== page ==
Under the hydrogen pathway, hydrogen is used to heat homes and buildings, as well as to fuel many of the vehicles used in 2050 and power the UK's industry. The emissions removal pathway sees sustainable biomass power stations used in tandem with CCUS technology.

Concerning actual and projected power sector emissions that takes into account the government's clean growth pathway, the strategy anticipates that emissions from the power sector could need to be close to, or even lower than, zero in 2050.

By 2032, power emissions could fall by 80% compared with today, to around 16 Mt, according to the strategy. This could be achieved in three ways, it says. Firstly, by growing low-carbon sources, such as renewables and nuclear, to over 80% of electricity generation, and phasing out unabated coal power. Secondly, by enabling a smarter, more flexible system, unlocking significant expansion of interconnection, electricity storage, and demand side response, the first steps of which are set out in the Smart Systems and Flexibility Plan. For consumers, this could mean smart appliances and smart tariffs which help balance the grid in return for lower bills, it says. Thirdly, keeping costs down for consumers by reducing any wasted energy, including more efficient electrical products.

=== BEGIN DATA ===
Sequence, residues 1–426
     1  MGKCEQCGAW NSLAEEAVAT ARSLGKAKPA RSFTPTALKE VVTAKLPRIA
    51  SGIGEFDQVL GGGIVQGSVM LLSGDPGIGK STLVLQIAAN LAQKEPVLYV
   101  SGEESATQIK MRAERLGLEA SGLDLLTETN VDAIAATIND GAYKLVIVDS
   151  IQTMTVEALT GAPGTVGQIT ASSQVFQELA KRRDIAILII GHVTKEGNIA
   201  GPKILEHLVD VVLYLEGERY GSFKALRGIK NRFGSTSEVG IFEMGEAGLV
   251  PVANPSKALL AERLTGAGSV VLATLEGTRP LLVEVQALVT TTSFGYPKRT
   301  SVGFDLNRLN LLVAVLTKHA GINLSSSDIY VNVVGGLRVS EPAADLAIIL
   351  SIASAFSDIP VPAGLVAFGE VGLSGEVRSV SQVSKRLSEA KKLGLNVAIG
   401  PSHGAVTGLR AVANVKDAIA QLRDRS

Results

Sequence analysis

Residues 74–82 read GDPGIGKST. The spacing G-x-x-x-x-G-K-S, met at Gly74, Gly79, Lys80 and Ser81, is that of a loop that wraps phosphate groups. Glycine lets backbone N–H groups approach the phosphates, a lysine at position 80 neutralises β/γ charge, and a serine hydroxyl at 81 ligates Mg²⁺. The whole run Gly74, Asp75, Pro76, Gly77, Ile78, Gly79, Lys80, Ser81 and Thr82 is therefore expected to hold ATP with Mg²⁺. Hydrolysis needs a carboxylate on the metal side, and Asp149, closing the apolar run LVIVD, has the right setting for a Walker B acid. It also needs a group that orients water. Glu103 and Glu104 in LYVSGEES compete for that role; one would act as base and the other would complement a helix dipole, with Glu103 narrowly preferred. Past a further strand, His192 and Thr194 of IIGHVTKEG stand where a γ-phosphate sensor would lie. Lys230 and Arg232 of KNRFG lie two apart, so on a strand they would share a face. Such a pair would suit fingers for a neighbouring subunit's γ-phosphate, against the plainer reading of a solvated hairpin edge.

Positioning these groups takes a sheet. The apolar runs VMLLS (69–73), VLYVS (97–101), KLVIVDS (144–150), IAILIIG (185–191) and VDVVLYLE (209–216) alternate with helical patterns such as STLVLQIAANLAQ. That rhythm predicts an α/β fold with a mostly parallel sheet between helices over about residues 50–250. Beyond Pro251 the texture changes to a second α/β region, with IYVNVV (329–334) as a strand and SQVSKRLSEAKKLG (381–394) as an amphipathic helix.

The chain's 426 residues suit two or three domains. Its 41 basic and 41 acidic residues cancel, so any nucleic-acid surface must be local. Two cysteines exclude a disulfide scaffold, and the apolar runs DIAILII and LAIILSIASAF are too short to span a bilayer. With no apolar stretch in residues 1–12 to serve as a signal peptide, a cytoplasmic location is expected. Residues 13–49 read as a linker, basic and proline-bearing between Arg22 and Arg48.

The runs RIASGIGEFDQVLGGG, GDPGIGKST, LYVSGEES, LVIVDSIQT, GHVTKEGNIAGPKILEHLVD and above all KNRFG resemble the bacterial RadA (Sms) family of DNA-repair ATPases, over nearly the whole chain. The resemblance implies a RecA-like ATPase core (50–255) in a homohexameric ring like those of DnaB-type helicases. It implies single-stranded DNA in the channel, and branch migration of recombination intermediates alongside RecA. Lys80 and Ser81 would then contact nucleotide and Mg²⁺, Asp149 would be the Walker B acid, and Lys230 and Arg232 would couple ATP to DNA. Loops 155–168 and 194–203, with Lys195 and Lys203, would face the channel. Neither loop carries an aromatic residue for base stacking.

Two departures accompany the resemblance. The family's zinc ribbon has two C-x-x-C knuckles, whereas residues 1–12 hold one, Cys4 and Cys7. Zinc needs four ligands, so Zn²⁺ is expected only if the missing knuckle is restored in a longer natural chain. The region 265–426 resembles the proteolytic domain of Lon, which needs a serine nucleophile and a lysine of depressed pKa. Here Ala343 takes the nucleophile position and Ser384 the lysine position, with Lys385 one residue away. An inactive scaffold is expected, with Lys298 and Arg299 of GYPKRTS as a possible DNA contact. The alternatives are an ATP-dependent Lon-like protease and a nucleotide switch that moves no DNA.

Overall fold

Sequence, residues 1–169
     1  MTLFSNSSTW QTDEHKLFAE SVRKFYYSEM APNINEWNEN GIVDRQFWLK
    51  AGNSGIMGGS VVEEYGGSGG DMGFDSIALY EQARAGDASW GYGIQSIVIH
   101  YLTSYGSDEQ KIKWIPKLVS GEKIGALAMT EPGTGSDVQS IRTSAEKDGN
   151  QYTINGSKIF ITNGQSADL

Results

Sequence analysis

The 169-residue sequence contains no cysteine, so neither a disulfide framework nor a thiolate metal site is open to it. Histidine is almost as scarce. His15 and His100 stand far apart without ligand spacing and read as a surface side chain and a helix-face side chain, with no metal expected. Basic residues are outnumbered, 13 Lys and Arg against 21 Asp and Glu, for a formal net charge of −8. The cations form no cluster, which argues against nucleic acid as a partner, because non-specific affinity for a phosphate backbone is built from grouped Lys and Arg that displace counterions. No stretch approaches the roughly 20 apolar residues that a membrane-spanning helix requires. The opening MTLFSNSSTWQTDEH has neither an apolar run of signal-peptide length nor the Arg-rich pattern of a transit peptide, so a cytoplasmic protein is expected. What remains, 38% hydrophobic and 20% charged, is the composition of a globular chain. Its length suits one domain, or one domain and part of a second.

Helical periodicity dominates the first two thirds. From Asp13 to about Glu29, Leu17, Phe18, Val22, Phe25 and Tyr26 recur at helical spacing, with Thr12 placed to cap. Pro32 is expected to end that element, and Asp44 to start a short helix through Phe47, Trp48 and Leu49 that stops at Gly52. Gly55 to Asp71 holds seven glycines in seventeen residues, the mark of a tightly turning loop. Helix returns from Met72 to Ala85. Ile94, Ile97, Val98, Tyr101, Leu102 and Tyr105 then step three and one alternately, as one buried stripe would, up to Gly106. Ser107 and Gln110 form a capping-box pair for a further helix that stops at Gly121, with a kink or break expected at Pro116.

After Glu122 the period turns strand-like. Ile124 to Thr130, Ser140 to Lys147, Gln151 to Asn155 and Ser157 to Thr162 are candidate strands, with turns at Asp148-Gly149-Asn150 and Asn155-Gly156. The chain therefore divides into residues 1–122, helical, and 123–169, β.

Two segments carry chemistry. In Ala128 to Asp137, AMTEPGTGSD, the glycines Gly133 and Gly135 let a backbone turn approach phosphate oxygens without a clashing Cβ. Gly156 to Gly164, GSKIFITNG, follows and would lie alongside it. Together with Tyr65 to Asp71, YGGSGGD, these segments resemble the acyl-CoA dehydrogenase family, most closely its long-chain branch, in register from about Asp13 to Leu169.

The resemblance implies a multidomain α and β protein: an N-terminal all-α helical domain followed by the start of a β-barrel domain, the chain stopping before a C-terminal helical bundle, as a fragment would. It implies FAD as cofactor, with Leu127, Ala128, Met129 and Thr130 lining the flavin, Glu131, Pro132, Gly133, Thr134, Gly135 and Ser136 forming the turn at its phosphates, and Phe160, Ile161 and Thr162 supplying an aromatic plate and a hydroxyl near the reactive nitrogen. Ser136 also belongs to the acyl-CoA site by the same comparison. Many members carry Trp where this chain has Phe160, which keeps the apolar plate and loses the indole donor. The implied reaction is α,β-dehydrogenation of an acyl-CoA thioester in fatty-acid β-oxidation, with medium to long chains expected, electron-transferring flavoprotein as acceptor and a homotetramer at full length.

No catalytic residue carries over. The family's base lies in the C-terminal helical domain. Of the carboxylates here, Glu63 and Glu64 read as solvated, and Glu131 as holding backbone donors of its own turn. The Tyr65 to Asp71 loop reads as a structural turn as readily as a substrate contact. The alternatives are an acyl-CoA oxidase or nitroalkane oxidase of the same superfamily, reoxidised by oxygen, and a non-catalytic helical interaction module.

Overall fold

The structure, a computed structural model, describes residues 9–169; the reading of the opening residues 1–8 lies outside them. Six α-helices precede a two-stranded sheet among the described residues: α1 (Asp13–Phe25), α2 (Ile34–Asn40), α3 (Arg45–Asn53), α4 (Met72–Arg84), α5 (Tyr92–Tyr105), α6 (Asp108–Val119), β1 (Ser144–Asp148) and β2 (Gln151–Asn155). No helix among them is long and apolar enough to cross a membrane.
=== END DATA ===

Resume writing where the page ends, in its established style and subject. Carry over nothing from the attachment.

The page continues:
"To achieve this, we need to continue bringing down the costs of low-carbon generation from renewables and nuclear power, and ensure that the UK can deploy CCUS at scale during the 2030s, subject to costs coming down sufficiently. We also need to remove barriers and improve price signals for smart energy innovations which improve the efficiency and flexibility of the system," it says.

Good for nuclear industry

The UK's Nuclear Industry Association (NIA) has welcomed government's Clean Growth Strategy.

Tom Greatrex, NIA chief executive, said: "This report shows a clear low-carbon growth strategy which, underpinned by the industrial strategy, will benefit both the UK's low-carbon economy and our ambitious decarbonisation targets. As we move to reducing UK emissions further through the phase out of fossil fuels, decarbonisation of heat and power and increasing the take up of electric vehicles, new nuclear, combined with renewables as part of a lower carbon mix, will be a vital component of the UK's reliable and secure electricity generation future."